LOS ANGELES — Movie producer Dick Shepherd, whose credits included “Breakfast at Tiffany’s” (1961), “The Fugitive Kind” (1960) and “Robin and Marian” (1976), probably saved one of the most popular film songs of all time.

After a test screening of “Breakfast at Tiffany’s,” Paramount executive Marty Rackin gathered the creative team and said, “I loved the picture,” as recounted in the 2010 Sam Wasson book, “Fifth Avenue, 5 a.m.,” about the film.

But there was one problem. Rackin hated the plaintive ballad, “Moon River,” that star Audrey Hepburn sings in the movie. In colorful language, Rackin said the song “has to go.”

Shepherd was soft-spoken and known for approaching problems in a quiet manner. But at this point, he rose to his feet and said, in no uncertain terms, “You’ll cut that song over my dead body.”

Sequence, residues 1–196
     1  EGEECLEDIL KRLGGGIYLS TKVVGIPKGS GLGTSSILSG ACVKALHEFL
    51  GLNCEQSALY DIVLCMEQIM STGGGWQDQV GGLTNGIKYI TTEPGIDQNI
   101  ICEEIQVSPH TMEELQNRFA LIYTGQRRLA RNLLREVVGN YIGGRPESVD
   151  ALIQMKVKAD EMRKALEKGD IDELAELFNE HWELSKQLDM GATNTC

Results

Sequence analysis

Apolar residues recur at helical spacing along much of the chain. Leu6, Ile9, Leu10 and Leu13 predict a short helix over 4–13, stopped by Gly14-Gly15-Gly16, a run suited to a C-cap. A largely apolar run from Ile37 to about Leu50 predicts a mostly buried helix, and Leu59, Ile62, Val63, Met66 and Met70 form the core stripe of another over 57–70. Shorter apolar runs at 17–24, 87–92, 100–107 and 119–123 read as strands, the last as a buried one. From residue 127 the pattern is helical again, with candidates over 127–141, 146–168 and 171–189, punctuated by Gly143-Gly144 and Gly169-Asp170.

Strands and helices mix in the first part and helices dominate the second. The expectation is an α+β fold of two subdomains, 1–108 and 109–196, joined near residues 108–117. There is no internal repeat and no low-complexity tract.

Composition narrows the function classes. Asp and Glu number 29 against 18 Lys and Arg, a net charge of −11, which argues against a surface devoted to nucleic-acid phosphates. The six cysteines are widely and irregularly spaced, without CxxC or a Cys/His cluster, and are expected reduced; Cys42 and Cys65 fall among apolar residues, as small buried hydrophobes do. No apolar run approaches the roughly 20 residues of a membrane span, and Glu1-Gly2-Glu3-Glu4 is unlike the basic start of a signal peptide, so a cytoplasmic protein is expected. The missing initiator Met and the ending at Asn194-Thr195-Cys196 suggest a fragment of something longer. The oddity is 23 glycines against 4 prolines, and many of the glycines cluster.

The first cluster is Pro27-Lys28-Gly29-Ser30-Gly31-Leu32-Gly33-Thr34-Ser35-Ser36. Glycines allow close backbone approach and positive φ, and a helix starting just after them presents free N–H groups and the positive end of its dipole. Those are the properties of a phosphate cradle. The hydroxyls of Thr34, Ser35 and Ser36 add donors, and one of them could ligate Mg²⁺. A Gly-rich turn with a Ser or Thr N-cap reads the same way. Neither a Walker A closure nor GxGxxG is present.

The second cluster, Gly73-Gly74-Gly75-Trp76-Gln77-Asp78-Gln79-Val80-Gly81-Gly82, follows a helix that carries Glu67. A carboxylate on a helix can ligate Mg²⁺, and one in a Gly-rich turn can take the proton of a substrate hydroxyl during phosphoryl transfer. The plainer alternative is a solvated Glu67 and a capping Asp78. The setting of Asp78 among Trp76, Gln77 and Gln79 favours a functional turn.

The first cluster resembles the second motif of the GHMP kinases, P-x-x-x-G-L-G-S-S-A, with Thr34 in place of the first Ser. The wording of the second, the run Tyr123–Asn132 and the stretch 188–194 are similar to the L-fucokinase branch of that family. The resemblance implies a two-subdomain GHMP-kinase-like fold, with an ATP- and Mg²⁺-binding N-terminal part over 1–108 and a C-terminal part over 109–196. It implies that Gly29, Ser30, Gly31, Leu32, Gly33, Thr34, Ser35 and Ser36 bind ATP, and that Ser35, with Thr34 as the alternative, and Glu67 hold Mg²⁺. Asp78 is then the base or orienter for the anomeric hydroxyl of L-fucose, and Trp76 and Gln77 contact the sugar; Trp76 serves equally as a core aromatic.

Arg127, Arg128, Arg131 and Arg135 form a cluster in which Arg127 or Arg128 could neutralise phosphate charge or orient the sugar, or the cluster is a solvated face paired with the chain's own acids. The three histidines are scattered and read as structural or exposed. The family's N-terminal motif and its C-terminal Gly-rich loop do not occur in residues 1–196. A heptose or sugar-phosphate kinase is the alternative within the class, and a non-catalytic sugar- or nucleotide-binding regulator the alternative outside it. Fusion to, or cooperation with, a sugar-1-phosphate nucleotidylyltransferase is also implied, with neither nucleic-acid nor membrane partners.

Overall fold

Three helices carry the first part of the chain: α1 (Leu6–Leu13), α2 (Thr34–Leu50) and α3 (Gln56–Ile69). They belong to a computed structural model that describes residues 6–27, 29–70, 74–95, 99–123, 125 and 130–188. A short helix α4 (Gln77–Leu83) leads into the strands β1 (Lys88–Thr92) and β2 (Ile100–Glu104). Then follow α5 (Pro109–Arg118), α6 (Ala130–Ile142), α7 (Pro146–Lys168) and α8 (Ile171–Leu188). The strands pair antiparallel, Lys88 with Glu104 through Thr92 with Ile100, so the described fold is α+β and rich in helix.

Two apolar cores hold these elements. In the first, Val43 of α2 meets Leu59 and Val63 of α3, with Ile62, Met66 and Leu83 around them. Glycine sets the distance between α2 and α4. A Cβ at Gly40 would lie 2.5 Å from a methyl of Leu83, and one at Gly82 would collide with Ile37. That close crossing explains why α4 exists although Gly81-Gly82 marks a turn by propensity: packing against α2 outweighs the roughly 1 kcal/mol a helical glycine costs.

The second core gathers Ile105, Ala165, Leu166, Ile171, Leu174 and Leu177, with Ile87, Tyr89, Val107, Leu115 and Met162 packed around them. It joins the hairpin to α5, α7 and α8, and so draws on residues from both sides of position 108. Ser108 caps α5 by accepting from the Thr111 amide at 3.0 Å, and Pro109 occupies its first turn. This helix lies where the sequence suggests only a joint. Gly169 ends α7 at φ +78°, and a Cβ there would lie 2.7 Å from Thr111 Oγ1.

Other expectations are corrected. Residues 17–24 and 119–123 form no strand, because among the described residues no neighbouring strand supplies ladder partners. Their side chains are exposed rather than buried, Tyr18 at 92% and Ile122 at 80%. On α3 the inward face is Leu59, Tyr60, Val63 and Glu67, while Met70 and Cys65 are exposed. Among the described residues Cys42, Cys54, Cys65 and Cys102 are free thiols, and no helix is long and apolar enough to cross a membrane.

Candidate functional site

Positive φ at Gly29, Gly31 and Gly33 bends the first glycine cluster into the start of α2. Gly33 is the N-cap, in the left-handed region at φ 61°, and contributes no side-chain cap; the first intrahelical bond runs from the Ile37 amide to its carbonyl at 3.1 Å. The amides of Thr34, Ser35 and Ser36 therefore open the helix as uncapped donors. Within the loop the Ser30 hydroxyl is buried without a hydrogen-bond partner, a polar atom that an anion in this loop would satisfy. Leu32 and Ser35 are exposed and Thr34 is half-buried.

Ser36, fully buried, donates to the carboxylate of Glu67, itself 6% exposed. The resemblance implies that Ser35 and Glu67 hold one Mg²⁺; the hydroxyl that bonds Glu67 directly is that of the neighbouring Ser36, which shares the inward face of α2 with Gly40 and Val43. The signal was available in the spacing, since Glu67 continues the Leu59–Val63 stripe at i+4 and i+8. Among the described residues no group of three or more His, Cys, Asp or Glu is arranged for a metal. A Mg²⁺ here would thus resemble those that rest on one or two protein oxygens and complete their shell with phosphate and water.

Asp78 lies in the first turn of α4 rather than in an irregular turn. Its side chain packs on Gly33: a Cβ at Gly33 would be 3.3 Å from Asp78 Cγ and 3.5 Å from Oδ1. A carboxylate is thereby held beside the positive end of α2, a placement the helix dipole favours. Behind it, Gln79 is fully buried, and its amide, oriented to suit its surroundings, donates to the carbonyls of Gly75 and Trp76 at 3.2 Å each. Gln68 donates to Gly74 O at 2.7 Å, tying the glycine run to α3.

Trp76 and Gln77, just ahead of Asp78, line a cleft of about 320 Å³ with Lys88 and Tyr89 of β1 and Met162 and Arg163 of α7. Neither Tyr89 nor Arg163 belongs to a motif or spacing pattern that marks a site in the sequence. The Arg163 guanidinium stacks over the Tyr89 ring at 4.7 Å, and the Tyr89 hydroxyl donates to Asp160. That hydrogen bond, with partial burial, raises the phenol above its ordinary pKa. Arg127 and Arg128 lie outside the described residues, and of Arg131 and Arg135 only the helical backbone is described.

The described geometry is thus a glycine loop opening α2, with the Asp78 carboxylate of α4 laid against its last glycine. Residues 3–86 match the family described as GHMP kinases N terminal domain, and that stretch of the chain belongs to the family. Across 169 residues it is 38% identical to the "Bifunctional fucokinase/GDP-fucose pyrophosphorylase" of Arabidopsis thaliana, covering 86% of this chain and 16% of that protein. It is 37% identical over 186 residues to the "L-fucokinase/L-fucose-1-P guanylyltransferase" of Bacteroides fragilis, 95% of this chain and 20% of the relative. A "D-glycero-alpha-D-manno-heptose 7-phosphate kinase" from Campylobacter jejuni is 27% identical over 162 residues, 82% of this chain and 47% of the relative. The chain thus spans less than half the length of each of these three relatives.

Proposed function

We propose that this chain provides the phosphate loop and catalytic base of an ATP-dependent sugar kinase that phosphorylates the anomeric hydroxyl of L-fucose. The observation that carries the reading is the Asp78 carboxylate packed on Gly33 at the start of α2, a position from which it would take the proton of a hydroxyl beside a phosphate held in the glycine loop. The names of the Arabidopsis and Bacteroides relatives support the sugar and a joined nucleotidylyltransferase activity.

Rackin backed down, and “Moon River,” written by Henry Mancini and Johnny Mercer, went on to win the Oscar for best song and Grammy for song of the year.

Shepherd, who also spent time as a studio executive and as an agent, died Tuesday at his home in Los Angeles at age 86.

The cause was kidney failure, said his wife, Patty Shepherd.

“Breakfast at Tiffany’s” was based on a novella by Truman Capote, who wanted Marilyn Monroe to play the lead character.

This time the producers won out and cast Hepburn. It was another casting matter that drew criticism — the choice of Mickey Rooney to play a bumbling, painfully stereotyped Japanese man.

Shepherd came to regret the choice. “I don’t mind saying at one point I wanted to replace him,” Shepherd said in a short documentary, “Breakfast at Tiffany’s — the Making of a Classic” (2006).